Apathy: A National (and Religious) Crisis

CHARLESTON, SC - JUNE 23:  Children look on at the memorial in front of the Emanuel African Methodist Episcopal Church on Jun
CHARLESTON, SC - JUNE 23: Children look on at the memorial in front of the Emanuel African Methodist Episcopal Church on June 23, 2015 in Charleston, South Carolina. Dylann Roof, 21 years old, is suspected of killing the nine people on June 17th during a prayer meeting in the church, which is one of the nation's oldest black churches in Charleston. (Photo by Joe Raedle/Getty Images)

I guest-preached two Sundays ago and the lectionary Gospel text (Mark 5:21-43) spoke clearly into the wound that has been opened up by the horrific mass shooting in Charleston last month, as well as the rash of shootings over the past year by police of unarmed citizens. Mark's Gospel doesn't come up in the lectionary very much. It's straightforward in delivery, even blunt, and at the same time, confusing and awkward. The style of the text I preached on even has its own name, the "Markan sandwich," which may sound delicious, but it's really a theology term meaning that one story has interrupted into another, separating it into two halves.

In the first slice of bread, a great leader falls at Jesus' feet, begging him to save his dying daughter. Next is the meat of the sandwich, a woman suffering from hemorrhages, who touches Jesus' clothes and is healed. Then back to the bread: the now-dead girl, whom Jesus takes by the hand and orders to "get up" which she miraculously does. These may appear to simply be two stories of personal healing. But the audience Mark was writing for understood the political implications. You may have heard the '60s and '70s slogan, "the personal is political." That's exactly what Mark is showing us.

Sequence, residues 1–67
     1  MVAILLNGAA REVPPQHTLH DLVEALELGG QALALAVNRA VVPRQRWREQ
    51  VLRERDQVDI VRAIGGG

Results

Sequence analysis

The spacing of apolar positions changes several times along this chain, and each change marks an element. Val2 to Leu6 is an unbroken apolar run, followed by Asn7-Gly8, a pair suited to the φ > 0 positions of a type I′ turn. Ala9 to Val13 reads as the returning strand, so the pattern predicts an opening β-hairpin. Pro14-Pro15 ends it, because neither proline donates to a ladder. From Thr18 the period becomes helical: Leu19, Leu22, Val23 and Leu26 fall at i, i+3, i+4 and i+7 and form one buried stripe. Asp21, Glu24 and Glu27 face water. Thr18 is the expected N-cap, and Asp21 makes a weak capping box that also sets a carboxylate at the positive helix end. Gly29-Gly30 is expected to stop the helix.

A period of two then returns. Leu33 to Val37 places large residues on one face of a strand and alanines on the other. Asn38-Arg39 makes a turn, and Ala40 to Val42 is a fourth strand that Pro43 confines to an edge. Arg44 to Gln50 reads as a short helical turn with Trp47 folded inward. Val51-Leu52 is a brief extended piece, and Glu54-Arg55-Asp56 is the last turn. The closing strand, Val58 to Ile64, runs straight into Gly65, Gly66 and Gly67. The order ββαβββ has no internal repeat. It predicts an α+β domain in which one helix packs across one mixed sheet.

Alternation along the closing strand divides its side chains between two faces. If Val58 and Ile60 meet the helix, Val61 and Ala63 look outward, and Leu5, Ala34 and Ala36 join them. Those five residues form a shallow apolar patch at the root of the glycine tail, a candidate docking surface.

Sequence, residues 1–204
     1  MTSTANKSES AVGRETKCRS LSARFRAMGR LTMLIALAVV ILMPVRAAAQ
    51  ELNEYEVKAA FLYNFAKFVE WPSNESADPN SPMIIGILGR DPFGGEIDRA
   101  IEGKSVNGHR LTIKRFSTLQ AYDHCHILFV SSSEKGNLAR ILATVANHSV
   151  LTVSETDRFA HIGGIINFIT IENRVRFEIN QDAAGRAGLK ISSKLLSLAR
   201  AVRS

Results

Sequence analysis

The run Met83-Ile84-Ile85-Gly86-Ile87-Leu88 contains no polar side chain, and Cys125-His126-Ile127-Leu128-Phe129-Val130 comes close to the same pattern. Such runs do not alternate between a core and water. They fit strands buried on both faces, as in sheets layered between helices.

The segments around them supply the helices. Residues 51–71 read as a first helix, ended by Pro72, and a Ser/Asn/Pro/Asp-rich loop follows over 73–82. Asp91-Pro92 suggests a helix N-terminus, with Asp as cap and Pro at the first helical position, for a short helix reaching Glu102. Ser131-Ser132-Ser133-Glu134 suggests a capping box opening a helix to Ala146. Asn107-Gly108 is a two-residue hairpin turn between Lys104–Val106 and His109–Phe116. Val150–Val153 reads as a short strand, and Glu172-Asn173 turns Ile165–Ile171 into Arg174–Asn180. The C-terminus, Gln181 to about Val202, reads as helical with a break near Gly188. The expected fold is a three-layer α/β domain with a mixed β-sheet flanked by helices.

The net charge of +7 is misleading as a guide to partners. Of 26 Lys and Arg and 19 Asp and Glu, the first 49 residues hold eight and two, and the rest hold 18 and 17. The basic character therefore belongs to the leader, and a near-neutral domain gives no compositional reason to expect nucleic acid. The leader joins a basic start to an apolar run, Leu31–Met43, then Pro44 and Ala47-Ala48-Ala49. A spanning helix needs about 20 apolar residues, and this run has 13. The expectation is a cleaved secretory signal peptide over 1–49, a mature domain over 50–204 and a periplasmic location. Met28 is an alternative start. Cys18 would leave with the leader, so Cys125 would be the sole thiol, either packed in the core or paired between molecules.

First, the impotent leader who is unable to help his own daughter, much less the others who depend on him. He's pretty much a figurehead put in place to give the people some illusion of self-rule. Sound familiar? Next, a formerly well-off woman gone broke from her medical bills without even getting any better. Does that sound familiar? Furthermore, this woman would have been "unclean" according to the religious codes, and therefore, unable to worship with her community. She has become shut out; in effect, a non-person for twelve years.

Twelve is a number ripe with meaning in scripture. It is the number of the tribes of Israel, and the girl is herself twelve, which means she has reached the age when she can marry, so symbolically, she represents hope for the future of Israel, for future generations ("tribes") which she will help to create. But there's an intriguing tidbit in Mark's story: the Aramaic words Jesus speaks, Talitha cum. Talitha means little girl, cum means get up, but it is written here in the masculine case, like saying, "Little girl, get up, boy!" The logical explanation is that Mark made an error, and we get to make fun of him for not having had grammar-check for his scroll. But what if this was Mark's awkward way of implying that although this story happened to a girl, she represents all of our children, and what appears to be a personal miracle is a sign of the political future, that God will raise up a generation out of Israel of daughters and sons that will neither be slaves to the oppressive political regime, nor to the short-sighted religious views of their culture, that will not be impotent like their fathers or needlessly shut out like their mothers. Like Mark, I pray this will come to pass in our own nation.